The first former undocumented immigrant and first Dominican-American in Congress, Rep. Adriano Espaillat, D-N.Y., hosted the first Dominicans on the Hill event last week. He brought Dominicans from across the country to “highlight to members of Congress how many Dominicans and Dominican Americans there are in their districts, ” and how their presence ties into larger conversations about immigration in the U.S.

“The timing is right,” said Espaillat, noting that a delayed State of the Union ended up being well-timed with this pre-planned event. “Immigration will obviously have a keen interest among the participants because many folks came here undocumented or many folks are still trying to reunite with their families or are in transition with regards to their DACA status.”

Trump used much of his second State of the Union address to defend his border security and immigration policies. Trump’s invited guests served as human examples to reinforce his message.

Immigration expert Asad L. Asad took particular interest in Trump’s guest Elvin Hernandez, an Immigration and Customs Enforcement officer who migrated to the United States from the Dominican Republic. Asad views Trump’s shout out to Hernandez as a wink to supporters.

“It’s meant to be a symbolic gesture that shows even people in this community want what Trump is selling,” Asad said. “It’s all about optics.”

According to Asad, Hernandez’s story of legal migration is an unfair example of a model migrant story when compared to migrants crossing the southern border. The scholar said the demand for U.S.-bound migration is higher in Mexico than in the Dominican Republic, and this makes it easier for Dominican migrants to obtain visas to the United States.

In 2018, the U.S. Department of State issued 46,334 immediate relative visas to Mexican nationals. The same year, the department issued less than half of the same visas to Dominican Republic nationals —18,595.

According to analysts, many Dominicans migrate to reunite with family members that have already moved to the United States.

Like Trump, Democrats invited guests to serve as reminders to policy issues not addressed during the speech, such as the recent federal shutdown, Deferred Action for Childhood Arrivals and sexual assault survivors.

Yeni Gonzalez Garcia, a mother who was separated from her three children at the U.S. border accompanied Espaillat.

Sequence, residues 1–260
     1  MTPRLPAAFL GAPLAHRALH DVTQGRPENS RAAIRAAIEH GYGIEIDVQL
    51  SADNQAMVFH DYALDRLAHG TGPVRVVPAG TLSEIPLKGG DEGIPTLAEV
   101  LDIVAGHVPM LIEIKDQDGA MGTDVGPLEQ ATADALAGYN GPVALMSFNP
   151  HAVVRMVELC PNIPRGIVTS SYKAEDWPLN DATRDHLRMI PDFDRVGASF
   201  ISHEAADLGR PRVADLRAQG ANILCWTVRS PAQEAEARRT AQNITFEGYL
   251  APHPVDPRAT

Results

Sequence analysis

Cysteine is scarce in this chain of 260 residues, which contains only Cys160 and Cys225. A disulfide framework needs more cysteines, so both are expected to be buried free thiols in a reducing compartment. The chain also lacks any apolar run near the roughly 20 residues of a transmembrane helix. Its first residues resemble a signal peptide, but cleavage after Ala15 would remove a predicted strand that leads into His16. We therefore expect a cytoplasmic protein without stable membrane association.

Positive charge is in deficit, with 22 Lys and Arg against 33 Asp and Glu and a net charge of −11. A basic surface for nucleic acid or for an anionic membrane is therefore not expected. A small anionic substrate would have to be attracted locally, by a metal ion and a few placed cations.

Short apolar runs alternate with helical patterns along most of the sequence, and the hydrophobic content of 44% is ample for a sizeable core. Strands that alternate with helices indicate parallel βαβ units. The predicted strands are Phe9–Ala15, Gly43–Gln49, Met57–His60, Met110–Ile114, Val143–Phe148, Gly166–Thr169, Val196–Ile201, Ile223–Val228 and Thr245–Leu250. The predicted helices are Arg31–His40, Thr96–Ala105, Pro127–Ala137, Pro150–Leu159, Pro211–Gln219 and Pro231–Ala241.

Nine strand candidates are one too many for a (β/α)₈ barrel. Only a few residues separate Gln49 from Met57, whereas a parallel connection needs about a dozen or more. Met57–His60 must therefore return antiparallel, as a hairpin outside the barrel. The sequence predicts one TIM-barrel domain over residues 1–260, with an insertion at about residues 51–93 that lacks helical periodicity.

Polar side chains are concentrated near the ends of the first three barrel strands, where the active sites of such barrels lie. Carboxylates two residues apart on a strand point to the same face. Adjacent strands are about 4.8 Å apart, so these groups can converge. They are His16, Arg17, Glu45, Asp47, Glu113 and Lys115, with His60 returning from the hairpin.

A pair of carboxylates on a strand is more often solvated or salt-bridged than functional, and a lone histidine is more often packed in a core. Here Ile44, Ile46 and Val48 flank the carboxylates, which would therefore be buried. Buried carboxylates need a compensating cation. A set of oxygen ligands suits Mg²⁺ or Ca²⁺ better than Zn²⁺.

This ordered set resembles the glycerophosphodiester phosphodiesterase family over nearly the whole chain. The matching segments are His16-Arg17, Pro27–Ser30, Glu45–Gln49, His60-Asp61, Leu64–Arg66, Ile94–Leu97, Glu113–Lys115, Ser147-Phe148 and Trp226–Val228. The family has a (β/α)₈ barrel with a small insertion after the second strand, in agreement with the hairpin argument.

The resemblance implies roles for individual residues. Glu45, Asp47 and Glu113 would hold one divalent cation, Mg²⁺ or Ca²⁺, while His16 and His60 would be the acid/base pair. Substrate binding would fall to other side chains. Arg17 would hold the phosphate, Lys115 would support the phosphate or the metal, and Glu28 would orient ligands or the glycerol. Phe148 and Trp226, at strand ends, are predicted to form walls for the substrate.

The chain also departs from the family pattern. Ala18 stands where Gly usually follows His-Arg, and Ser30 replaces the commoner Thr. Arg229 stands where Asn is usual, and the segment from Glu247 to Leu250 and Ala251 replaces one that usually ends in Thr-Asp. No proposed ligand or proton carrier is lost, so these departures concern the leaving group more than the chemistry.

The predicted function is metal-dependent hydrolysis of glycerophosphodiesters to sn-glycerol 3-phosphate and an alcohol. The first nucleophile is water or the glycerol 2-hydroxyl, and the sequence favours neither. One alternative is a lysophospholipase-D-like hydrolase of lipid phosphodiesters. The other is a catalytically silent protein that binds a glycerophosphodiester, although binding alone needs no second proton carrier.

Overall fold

With the help of Espaillat, Gonzalez Garcia was reunited with her three children — ages 7, 10, and 12. Gonzalez Garcia’s lawyer, Jose Xavier Orochena, accompanied her and her children to Washington, D.C. for the speech.

Xavier Orochena said Gonzalez Garcia has applied for asylum, but he has concerns about the State of the Union address’ impact on pending and future asylum applications. He questions whether the requirement to adjudicate migrant families’ immigration cases within 365 days violated Gonzalez Garcia’s due process rights. The new case requirements speed up the legal proceedings.

“Some of the applications that we have to apply for take months,” Xavier Orochena said. “So now we’re being given a time frame that is just unreasonable.”

As the whip for the House Hispanic Caucus, Espaillat has legislative influence within the group. Following the State of the Union, Espaillat and other members of his caucus reintroduced three bills related to immigration — the Protecting Sensitive Locations Act, the Reunite Every Unaccompanied Newborn Infant Toddler and Other Children Expeditiously (REUNITE) Act and the ICE and CBP Body Camera Accountability Act.

The first measure seeks to prohibit immigration enforcement in courthouses, schools, community centers, and houses of worship. The second law would require the immediate reunification of children who were separated from their parent or legal guardian at the southern border. The third bill would require Immigration and Customs Enforcement and Customs and Border Patrol officers to wear body cameras and would make footage available for any legal proceedings.

“President Trump has made the targeting of immigrants a central part of his administration’s policies while persistently lobbing bigoted, verbal attacks at immigrant communities,” said Espaillat in a press release. “What we witnessed during the State of the Union address was more of the same – criminalizing immigrants, promoting inhumane policies that separate children from their families, and raid sensitive locations such as public schools and courthouses.

Other lawmakers in attendance at the Dominicans on the Hill event echoed Espaillat’s SOTU reaction.

“We are all Americans too. And this is something the president might not agree on,” said Rep. Grace Meng, D-N.Y.